September 2011
Volume 11, Issue 11
Vision Sciences Society Annual Meeting Abstract  |   September 2011
Adaptive cue combination in a visual estimation task
Author Affiliations
  • Mordechai Z. Juni
    Department of Psychology, New York University
  • Todd M. Gureckis
    Department of Psychology, New York University
  • Laurence T. Maloney
    Department of Psychology, New York University
    Center for Neural Science, New York University
Journal of Vision September 2011, Vol.11, 1062. doi:
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      Mordechai Z. Juni, Todd M. Gureckis, Laurence T. Maloney; Adaptive cue combination in a visual estimation task. Journal of Vision 2011;11(11):1062.

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      © ARVO (1962-2015); The Authors (2016-present)

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Introduction. Uncertainty is a curse, and one antidote is the active collection of additional information. Information, though, can be costly. We asked subjects to attempt to hit a small, invisible target on a touch screen. They earned points for each hit. The only cues to the target's location were dots drawn from a Gaussian distribution centered on the target. The dots appeared one by one as the subject repeatedly pressed a key, but each dot cost a small amount subtracted from the subject's potential reward. Would subjects know when to stop ‘buying’ information?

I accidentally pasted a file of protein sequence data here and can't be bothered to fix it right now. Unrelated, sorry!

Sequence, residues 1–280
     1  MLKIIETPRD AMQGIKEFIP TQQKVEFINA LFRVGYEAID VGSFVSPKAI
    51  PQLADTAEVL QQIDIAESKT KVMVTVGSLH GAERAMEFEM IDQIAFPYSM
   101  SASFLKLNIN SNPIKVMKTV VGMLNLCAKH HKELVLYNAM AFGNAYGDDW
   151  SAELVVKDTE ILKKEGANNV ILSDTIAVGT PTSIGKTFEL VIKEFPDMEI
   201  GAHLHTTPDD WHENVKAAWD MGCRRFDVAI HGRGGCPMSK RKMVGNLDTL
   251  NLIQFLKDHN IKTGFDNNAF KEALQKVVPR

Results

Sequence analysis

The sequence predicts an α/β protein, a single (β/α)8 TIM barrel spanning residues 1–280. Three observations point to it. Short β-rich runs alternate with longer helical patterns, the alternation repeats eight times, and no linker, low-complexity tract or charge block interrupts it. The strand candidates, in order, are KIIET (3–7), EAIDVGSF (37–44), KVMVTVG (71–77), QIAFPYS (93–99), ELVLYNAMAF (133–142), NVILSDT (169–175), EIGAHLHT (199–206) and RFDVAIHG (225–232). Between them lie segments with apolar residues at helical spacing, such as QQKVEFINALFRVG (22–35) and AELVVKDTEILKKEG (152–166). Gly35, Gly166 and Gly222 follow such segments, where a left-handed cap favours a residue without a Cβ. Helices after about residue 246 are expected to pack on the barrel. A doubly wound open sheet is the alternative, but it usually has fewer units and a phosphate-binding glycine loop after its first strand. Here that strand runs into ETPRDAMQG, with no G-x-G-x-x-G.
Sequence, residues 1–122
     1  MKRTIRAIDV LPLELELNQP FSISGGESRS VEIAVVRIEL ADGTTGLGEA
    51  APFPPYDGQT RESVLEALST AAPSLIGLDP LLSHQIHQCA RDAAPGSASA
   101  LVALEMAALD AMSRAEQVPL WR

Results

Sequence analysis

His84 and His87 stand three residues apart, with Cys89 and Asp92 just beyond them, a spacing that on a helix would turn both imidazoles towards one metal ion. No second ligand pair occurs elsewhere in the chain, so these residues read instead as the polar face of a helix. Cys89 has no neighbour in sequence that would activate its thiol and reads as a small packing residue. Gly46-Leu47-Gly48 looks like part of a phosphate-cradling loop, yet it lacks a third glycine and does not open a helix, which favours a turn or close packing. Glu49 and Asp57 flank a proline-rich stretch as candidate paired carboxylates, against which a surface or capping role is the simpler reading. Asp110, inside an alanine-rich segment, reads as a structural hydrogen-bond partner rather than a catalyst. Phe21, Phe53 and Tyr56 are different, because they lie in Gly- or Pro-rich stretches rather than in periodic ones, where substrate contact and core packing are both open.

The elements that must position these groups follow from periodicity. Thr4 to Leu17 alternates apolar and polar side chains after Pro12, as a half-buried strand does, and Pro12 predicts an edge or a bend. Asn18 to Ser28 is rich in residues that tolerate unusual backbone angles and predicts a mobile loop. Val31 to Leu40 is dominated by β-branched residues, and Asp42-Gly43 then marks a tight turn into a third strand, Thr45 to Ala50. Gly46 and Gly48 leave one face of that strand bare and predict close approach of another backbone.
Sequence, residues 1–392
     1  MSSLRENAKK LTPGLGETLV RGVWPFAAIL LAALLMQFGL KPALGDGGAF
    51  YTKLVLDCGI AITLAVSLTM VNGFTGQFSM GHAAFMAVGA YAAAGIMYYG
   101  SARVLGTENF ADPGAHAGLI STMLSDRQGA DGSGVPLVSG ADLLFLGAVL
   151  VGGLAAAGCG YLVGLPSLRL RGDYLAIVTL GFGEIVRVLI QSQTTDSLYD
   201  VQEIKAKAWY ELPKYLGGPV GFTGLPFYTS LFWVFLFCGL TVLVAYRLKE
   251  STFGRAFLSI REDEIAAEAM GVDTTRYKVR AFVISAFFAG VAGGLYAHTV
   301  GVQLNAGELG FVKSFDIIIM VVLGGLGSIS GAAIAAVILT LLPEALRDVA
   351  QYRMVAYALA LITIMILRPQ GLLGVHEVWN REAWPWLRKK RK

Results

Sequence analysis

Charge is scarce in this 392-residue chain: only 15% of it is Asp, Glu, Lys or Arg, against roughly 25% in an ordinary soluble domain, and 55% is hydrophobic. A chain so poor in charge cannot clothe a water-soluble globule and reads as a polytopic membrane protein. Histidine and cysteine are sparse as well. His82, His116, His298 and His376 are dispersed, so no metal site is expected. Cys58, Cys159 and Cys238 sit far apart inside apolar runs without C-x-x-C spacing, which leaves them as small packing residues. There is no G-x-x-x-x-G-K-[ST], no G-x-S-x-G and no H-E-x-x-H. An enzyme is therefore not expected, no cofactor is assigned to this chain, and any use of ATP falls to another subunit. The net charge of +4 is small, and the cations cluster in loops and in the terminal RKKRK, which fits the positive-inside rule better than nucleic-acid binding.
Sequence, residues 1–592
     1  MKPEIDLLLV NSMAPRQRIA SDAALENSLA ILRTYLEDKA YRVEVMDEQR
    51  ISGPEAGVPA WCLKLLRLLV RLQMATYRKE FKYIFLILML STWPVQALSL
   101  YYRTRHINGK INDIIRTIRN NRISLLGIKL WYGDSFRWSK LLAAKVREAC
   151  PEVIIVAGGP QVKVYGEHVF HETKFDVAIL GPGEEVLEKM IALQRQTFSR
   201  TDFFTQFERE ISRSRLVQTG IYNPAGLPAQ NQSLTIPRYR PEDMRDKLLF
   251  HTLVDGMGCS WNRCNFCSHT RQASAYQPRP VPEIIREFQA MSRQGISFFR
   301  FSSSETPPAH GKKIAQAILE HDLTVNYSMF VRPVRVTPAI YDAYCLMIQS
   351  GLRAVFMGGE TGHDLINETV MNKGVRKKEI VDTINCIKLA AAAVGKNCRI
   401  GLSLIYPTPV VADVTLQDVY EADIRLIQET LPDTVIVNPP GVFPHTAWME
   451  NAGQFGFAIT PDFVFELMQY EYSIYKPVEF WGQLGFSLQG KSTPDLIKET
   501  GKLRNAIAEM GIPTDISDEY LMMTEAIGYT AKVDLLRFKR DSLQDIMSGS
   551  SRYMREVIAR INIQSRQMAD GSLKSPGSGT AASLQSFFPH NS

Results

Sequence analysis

Methods. Eight subjects participated in each of two conditions (200 trials per subject; conditions interleaved in short blocks). (1) Target value started at 40 points and decreased by two points per cue purchased. (2) Target value started at 60 points and decreased by six points per cue purchased. The optimal rule maximizing expected gain was to purchase seven and four cues, respectively.

Results. (a) Subjects earned an average of 14.06 points per trial (SD = 2.19), which is 76% of the optimal expected gain of 18.55 points per trial. (b) All subjects correctly purchased more cues in the 40 point condition (M = 8.04, SD = 1.5) than the 60 point condition (M = 5.87, SD = 0.72), t(14) = 3.68, p < .003. (c) Statistical tests indicate that almost all subjects were risk averse in that they purchased more cues than dictated by the optimal rule. The exceptions were one subject who was risk seeking in the 40 point condition (M = 5.38, SD = 1.36), t(99) = −11.9, p < .001, and one other subject who was not significantly different from optimal in the 40 point condition (M = 7.03, SD = 1.55), t(99) = 0.19, p > .05.

Conclusion. When balancing the costs and benefits of purchasing information to reduce visual uncertainty, subjects collected more information than predicted by the ideal observer.

Humboldt Foundation. 

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